Yikes.

Along with these casomorphins, cheese is loaded with saturated fat, a major contributor to heart disease.

Fun and/or scary fact: Harvard reports that pizza and cheese are the biggest food sources of saturated fat in the American Diet! Cheese is also packed with sodium, which in excess can lead to hypertension.

And too much casein has also been linked to certain types of cancer.

While we could stand here and list all the reasons you may want to give cheese the boot, most folks don’t struggle understanding why cheese isn’t a health food— they have trouble breaking their habit.

The good news is you can embrace a non-dairy lifestyle and leave cheese in the dust! Here's how to give up cheese for good...

6 tips for kicking cheese cravings to the curb

1. Wean off cheese

dairy free oats 

Can’t go cold turkey? That’s ok! You can still kick cheese cravings even if you’re the type of person who puts cheese on basically everything. Our advice is to start small. First, pick a few days a week where you go cheese-free (have your morning oats with non-dairy milk, enjoy a grain bowl for lunch, have pasta with red sauce for dinner). Then as the weeks go by, add more and more days without cheese until eventually, your entire week is cheese-free.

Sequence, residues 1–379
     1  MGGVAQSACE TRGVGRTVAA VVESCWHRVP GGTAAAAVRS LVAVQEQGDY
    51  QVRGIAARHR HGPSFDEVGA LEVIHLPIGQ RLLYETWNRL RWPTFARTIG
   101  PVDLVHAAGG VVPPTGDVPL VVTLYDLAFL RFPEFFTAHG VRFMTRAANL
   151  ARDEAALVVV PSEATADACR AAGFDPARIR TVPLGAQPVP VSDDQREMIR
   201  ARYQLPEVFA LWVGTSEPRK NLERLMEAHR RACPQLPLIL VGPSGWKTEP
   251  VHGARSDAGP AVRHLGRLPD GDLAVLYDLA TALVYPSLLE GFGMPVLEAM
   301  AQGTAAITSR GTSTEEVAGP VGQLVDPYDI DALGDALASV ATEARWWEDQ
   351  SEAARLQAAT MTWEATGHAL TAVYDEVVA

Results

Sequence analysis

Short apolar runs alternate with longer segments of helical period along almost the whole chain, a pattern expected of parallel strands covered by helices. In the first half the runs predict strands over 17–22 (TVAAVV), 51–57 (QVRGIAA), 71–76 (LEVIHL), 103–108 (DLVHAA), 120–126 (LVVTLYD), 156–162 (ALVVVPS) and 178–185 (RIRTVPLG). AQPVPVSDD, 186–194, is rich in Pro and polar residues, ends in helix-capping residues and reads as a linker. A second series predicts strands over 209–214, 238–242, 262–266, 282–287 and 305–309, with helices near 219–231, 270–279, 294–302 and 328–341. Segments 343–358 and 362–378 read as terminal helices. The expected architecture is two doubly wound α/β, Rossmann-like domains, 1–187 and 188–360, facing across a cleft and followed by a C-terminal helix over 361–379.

2. Try nut cheese 

There are some plant-based cheese alternatives, but first, it’s good to understand these alternatives are not cheese. Nut cheeses are not made from dairy and giving them some distance from the cheese you grew up with will help fend off disappointment and allow you to enjoy nut cheese as their own delicious food group.

Also, if you follow a whole food plant-based diet, beware of some of the store-bought vegan cheeses, which can be loaded with sodium, oil, and preservatives.

For store-bought: Treeline has some nice oil-free french-style nut cheeses. And for a cheese sauce, you can't go wrong with MamaSezz Mama's Mac Sauce.  

3. Get yourself some nutritional yeast!

nooch

One of the best things a cheese lover turned plant-based eater can do is go out and buy some nutritional yeast, or as vegans often call it, “nooch.” Found in the spice aisle at most grocery stores (and definitely at natural food stores), this deactivated yeast doesn’t expand so you don't have that a loaf of bread will bake in your stomach after consuming. Nutritional yeast is a great addition to your spice rack because it gives your food a nutty and cheesy flavor.

Again, giving any plant-based alternative a little distance from the “real thing” is best, but if I were going to compare nutritional yeast to any kind of cheese, it’d be parmesan. Great for sprinkling on pastas, soup, tofu scrambles, on popcorn, on steamed veggies. You can’t go wrong with nooch.